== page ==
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26 May 1999 Building virtual 3D bone fragment models to control diaphyseal fracture reduction
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Most fractures of the long bones are displaced and need to be surgically reduced. External fixation is often used but the crucial point of this technique is the control of reduction, which is effected with a brilliance amplifier. This system, giving instantly a x-ray image, has many disadvantages. It implies frequent irradiation to the patient and the surgical team, the visual field is limited, the supplied images are distorted and it only gives 2D information. Consequently, the reduction is occasionally imperfect although intraoperatively it appears acceptable. Using the pains inserted in each fragment as markers and an optical tracker, it is possible to build a virtual 3D model for each principal fragment and to follow its movement during the reduction. This system will supply a 3D image of the fracture in real time and without irradiation. The brilliance amplifier could then be replaced by such a virtual reality system to provide the surgeon with an accurate tool facilitating the reduction of the fracture. The purpose of this work is to show how to build the 3D model for each principal bone fragment.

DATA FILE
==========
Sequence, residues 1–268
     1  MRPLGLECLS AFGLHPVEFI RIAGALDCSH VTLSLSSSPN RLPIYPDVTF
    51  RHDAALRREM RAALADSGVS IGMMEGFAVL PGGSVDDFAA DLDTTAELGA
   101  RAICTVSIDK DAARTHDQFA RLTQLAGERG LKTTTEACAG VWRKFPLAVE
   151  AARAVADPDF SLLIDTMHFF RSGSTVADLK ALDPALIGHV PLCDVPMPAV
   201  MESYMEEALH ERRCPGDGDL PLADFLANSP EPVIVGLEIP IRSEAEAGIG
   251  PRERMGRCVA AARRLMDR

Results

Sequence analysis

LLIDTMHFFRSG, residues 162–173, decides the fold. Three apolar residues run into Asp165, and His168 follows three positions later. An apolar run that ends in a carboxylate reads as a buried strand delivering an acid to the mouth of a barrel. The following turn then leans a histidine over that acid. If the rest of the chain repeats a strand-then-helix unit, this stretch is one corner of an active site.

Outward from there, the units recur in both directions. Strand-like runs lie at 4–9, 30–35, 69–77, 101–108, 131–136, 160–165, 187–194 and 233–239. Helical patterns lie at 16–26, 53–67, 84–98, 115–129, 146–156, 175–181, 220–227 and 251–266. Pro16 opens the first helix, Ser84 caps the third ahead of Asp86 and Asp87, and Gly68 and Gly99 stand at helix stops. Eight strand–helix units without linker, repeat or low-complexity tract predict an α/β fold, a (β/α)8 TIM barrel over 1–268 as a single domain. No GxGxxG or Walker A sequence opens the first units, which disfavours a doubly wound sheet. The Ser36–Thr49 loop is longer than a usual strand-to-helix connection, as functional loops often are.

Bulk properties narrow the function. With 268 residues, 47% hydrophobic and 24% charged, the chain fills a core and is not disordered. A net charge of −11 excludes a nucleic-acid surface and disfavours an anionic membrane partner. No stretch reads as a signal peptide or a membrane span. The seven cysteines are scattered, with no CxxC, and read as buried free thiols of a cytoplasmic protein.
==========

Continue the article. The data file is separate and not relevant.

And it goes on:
© (1999) COPYRIGHT Society of Photo-Optical Instrumentation Engineers (SPIE). Downloading of the abstract is permitted for personal use only.
Thierry Leloup, Frederic Schuind, Nadine Lasudry, and Philippe Van Ham "Building virtual 3D bone fragment models to control diaphyseal fracture reduction", Proc. SPIE 3658, Medical Imaging 1999: Image Display, (26 May 1999);

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